Gluten (derived from the Latin for glue) is a protein composite found in wheat and related grains. It has held the secret to baked goods for centuries. Gluten both holds dough together and provides it with elasticity. Glutens help dough rise and keep its shape and even can give the end result a chewy texture.
Gluten sounds great for bakers. How does gluten affect consumers? Millions of Americans and people all over the world are increasingly showing symptoms of irritable bowel syndrome and Celiac disease. The culprit? Gluten. That wonderful attribute that makes it glue, does not stop when you eat it. It settles into the small intestine where most of the nutrients from ingested food are absorbed. In people with celiac disease, the body sees gluten fragments as invaders — toxins that shouldn’t be there. When the body attacks these invaders, it also attacks itself, which is why celiac disease is classified as an autoimmune disease. Specifically, the body attacks the villi on the lining of the small intestine. As the villi become “blunted” they are no longer as effective in absorbing nutrients. In some cases, this inability to absorb nutrients may be bad enough to stunt growth and weaken bones. The loss of vitamins and minerals may lead to other problems, such as anemia, osteoporosis, or growth delays in children.
People who have celiac disease may have periods when their symptoms seem worse. Or symptoms may sometimes not be noticed at all. In adults, symptoms may occur at any age but most commonly occur during the 20s, 30s, and 40s. Sometimes a person who has celiac disease doesn’t have symptoms after eating foods that contain gluten. But damage to the small intestine is still occurring.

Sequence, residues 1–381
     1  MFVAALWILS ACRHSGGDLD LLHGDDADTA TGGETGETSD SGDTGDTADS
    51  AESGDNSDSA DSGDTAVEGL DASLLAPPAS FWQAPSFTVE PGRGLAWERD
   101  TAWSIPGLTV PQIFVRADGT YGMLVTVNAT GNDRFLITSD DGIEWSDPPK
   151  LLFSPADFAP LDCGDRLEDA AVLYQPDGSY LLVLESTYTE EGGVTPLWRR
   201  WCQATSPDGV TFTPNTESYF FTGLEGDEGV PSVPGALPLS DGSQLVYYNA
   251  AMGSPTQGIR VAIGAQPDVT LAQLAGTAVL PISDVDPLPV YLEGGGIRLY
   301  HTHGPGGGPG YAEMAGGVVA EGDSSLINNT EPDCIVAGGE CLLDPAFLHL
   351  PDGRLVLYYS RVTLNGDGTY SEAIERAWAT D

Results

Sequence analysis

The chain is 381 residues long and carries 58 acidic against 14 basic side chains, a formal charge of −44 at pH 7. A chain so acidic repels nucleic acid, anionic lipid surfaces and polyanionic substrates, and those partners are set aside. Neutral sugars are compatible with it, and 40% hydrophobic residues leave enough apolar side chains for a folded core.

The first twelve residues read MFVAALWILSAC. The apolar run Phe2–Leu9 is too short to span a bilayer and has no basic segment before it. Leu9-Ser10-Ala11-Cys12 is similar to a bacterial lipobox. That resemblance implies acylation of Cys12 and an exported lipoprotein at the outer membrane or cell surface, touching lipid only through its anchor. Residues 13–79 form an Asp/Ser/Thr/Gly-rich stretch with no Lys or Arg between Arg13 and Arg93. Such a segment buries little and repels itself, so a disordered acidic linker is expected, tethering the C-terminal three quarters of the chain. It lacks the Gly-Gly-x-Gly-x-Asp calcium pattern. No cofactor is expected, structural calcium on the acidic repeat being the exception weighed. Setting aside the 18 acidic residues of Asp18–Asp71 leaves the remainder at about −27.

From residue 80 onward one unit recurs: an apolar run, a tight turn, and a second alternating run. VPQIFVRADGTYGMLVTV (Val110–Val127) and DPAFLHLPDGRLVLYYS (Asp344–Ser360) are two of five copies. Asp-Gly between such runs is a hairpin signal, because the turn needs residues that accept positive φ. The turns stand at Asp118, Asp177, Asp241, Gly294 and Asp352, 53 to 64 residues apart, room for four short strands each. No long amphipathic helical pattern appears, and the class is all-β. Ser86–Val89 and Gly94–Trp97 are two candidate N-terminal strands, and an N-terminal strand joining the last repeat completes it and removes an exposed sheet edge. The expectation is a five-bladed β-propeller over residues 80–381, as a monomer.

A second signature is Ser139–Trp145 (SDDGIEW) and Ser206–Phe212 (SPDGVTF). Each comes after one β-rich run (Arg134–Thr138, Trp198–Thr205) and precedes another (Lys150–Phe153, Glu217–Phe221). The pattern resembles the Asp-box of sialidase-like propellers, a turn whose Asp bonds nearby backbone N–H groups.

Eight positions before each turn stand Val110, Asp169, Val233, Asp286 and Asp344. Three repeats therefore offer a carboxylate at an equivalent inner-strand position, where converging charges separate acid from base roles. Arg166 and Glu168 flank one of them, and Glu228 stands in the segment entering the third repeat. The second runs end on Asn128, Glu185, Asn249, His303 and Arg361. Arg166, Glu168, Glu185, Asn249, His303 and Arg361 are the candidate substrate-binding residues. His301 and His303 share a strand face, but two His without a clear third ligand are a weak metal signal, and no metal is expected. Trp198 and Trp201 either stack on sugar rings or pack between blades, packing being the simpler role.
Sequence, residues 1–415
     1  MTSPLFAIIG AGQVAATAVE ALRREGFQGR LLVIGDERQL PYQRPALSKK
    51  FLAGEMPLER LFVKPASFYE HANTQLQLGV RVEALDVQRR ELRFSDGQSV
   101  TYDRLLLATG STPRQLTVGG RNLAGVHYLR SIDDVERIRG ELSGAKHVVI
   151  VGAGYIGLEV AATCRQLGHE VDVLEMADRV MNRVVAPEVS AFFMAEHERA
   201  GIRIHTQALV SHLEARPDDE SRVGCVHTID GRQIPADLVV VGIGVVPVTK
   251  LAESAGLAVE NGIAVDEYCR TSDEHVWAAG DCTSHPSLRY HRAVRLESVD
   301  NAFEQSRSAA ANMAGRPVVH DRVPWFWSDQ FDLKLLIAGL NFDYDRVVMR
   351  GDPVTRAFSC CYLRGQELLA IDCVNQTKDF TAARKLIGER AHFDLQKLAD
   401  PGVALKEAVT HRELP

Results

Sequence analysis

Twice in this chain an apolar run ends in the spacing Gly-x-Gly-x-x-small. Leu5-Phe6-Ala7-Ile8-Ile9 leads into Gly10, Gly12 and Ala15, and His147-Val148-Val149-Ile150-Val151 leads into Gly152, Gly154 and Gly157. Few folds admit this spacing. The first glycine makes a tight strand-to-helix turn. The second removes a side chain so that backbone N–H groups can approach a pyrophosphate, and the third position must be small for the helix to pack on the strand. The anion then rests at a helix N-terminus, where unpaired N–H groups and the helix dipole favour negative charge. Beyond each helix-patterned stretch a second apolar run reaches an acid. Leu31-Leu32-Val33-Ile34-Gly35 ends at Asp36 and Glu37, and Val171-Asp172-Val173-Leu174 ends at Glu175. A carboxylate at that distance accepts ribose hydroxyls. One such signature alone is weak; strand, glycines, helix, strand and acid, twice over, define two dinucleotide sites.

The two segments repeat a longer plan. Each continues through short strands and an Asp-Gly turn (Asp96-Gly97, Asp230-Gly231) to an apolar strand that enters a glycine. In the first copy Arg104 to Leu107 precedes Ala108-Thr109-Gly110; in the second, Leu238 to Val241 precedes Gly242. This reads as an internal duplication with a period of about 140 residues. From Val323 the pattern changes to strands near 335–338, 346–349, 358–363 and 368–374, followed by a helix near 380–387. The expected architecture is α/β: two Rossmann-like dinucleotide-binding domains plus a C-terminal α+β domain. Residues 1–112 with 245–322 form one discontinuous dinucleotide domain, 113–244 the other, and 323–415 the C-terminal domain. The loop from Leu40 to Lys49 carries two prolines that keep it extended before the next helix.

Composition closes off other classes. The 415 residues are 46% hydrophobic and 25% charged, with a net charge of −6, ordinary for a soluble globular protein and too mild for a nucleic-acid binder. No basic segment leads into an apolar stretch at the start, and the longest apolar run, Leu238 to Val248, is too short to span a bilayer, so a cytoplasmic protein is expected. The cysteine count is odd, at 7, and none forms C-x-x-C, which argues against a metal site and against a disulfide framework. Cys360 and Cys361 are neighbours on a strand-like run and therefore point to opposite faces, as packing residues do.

Within 2 weeks after starting a gluten-free diet, most people with celiac disease find that their symptoms improve. Symptoms should completely disappear within 3 months. But it takes up to 6 months or longer on a gluten-free diet for the villi to return to normal.
No gluten intolerance? Studies have found that following a gluten-free diet lowers the risk for lymphoma in adults.
Today, consumers are more aware of the negative effects of consuming gluten laden products, such as breads, cakes and pastas. However, they are not as knowledgeable that gluten free does not necessarily mean healthy.
Aside from gluten, wheat has other unhealthy aspects in your diet. Refined grain products are digested quickly, which leads to spikes in blood sugar. The spikes are followed by rapid drops which tend to stimulate hunger and call for another high-carb meal. This “blood sugar roller coaster” is caused by processed wheat that is lower in fiber. Whole grains contain more fiber and result in slower rises in blood sugar. However, whole grains aren’t always what they’re supposed to be. Often, they have been pulverized into very fine flour, which also gets digested quickly, leading to rapid spikes in blood sugar.
The glycemic index is a marker of how quickly foods elevate blood sugar levels. The average whole wheat bread has a glycemic index of 71, the same as white bread. Eating a diet that includes a lot of high GI foods is associated with obesity, diabetes, cardiovascular disease and even cancer. Elevated blood sugars also cause complications when the glucose reacts with proteins in the body. This is called glycation and is one of the components of aging).
Eating gluten free is a great way of avoiding lots of dietary related health problems. And to a certain extent, it is a healthy way of eating. The trick is to consume wisely. For example, A carrot is a gluten free product and a rice cookie is a gluten free product. Both gluten free, but the carrot is a whole food and has on average about 200% of vitamin A. The gluten free cookie on the other hand might be full of sugar, fat and starch. Both can claim gluten free, but they are not equal.
The most important thing is to keep reading labels. Gluten free is only one check mark. Watch for the others.